Thursday, January 21, 2010
went up the hill
There is a small town, La Huerta, in the mountains about 40 minutes from Melaque.
I had planned visiting there when the heat was getting too much for Jiggs. After he died, I did not get around to making the short drive into the mountains.
All of that changed while Roy was here. He wanted to see something new. We had been north and south. And we were about to venture into the ocean. So, we decided a mountain trip would be just what we needed for a little adventure.
The drive into the mountains is beautiful. Like most of Mexico, the Pacific coast has a small alluvial plain that rises steeply into the mountains that make up the central highlands.
The view from the highway is stunning. Precipitous drops into steep valleys. Most of them incapable of supporting much life. And certainly would not support any life if a vehicle decided to be precipitous enough to visit the floor of one of those valleys.
And steep enough that the dreaded transmission noises returned. At least Roy can testify that my ears are not merely playing tricks.
Our stay in La Huerta was brief. It turned out to be one of those villages that has a practical purpose for its surrounding farms, but very little to offer the tourist thirsty for history or more mundane pleasures.
So, we turned around and came down the mountain. Unlike Jack and Jill, we neither fell down or broke our crowns (whatever that might mean in the exegesis of nursery rhymes).
But we did discover an interesting sight.
On our way into the mountains, Roy saw our local cemetery. Some of you have been introduced to it already when I discussed my small fishing village's rather lax Day of the Dead celebration. But Roy was interested in exploring it.
So, we stopped on the way back to Melaque.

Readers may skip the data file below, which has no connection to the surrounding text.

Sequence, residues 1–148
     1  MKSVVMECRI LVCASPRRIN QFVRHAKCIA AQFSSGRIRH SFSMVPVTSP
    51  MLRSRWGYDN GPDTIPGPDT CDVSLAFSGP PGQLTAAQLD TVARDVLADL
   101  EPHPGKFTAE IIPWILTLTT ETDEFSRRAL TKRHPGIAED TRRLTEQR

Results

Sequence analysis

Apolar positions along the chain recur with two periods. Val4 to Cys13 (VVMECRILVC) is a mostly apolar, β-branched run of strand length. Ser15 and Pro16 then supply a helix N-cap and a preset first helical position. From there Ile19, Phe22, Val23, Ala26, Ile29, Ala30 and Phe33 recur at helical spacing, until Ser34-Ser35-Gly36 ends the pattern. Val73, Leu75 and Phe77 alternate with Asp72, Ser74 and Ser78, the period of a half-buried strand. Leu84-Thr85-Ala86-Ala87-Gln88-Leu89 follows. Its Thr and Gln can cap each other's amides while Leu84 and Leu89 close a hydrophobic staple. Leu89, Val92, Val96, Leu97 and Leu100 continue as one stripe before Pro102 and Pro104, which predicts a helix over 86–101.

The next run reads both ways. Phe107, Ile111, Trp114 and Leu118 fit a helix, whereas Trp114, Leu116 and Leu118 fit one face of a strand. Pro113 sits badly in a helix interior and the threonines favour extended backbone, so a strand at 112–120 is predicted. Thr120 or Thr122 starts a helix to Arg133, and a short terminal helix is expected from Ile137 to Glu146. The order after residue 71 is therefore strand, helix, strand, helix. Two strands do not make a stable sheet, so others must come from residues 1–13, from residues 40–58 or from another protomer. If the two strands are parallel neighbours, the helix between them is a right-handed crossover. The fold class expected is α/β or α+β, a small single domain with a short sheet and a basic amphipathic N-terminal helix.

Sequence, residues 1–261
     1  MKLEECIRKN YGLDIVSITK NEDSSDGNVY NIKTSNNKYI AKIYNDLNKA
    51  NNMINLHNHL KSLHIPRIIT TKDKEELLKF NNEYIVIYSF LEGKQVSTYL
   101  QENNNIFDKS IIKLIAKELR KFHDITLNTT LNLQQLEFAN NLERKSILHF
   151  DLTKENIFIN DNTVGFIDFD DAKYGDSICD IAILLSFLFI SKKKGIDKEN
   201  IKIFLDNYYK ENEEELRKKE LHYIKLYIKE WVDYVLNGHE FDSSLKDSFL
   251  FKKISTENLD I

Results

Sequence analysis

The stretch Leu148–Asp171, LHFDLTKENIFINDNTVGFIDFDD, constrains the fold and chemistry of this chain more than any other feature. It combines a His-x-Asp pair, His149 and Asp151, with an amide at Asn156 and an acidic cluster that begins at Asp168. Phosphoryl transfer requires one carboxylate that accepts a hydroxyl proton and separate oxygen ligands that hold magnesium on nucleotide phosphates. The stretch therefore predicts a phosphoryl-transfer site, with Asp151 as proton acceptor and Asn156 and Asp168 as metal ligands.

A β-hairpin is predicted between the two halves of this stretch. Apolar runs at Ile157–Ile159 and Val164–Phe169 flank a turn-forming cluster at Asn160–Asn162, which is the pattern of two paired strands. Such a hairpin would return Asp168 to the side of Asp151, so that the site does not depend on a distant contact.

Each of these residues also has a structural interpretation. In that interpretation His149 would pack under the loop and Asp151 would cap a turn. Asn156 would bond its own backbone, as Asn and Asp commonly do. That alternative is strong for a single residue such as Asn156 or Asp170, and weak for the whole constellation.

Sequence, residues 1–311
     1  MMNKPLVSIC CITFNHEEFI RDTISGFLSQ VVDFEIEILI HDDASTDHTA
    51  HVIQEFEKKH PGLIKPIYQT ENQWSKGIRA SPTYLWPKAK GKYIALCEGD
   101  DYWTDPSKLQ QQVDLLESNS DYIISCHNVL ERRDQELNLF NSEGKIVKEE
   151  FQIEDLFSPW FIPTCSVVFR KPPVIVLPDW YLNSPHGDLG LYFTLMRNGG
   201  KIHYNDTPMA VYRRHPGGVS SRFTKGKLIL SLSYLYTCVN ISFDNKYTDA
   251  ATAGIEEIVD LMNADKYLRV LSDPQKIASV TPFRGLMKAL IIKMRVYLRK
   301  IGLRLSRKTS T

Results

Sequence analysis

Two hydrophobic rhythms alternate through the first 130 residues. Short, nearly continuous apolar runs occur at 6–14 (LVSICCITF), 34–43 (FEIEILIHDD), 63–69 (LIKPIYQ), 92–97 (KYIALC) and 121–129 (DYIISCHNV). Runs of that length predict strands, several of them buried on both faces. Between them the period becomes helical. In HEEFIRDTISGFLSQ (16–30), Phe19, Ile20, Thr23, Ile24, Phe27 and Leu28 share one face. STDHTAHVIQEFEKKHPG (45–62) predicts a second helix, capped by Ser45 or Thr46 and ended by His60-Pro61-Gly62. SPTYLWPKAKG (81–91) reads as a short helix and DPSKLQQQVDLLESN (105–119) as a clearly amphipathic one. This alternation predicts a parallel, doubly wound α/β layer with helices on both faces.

The last time I was there, the place was in bad repair. Tall grass everywhere. Weeds. Trash. The husks of once-colorful plastic wreaths.
During our visit the place looked better, and the reason was readily apparent. Two men were busily weeding and edging the graves. Probably in the hope that our next few months of dry weather will keep the weeds down.
Roy was duly impressed with the number of tombs that literally house bodies. City of the Dead is a reality in Mexican cemeteries.
But what caught Roy's eye was just outside the cemetery fence.
Cocked at an interesting angle, a tomb-like structure appears to be sneaking onto hallowed ground.
Roy suggested an interesting exercise. If he had been an English teacher, he would have put the following question to his writing students. "What is this picture all about? Why is the tomb outside the cemetery? Who is buried there? A suicide refused a holy place to rest? An unfaithful husband making his final trip home? A secret lover searching for her heart's desire?"
OK. Part of the questions are Roy's; part are mine.
The point is that Roy, as a visitor, found the heart of Mexico. It is a land filled with questions and few answers.
And that is its joy.
So -- why did the tomb cross the fence?